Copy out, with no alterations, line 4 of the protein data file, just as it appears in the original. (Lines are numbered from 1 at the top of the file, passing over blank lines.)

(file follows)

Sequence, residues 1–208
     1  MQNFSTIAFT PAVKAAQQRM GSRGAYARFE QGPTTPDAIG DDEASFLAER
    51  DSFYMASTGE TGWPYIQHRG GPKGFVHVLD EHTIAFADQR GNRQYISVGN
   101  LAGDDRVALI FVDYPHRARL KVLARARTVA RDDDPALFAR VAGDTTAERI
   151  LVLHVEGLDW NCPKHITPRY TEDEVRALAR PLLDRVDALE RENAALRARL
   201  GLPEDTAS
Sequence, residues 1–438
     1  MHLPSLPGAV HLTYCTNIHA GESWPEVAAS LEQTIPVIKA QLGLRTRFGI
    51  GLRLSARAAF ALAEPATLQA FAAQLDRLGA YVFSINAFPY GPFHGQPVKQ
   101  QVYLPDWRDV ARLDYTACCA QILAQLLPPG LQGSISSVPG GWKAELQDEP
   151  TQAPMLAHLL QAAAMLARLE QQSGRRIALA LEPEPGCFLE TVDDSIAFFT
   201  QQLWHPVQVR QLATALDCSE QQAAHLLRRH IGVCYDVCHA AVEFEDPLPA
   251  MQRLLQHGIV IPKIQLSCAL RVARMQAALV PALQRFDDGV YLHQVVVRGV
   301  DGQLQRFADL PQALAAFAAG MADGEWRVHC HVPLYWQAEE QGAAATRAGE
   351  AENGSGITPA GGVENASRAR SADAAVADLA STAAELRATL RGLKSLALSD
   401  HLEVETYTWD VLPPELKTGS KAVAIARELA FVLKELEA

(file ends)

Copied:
   101  LAGDDRVALI FVDYPHRARL KVLARARTVA RDDDPALFAR VAGDTTAERI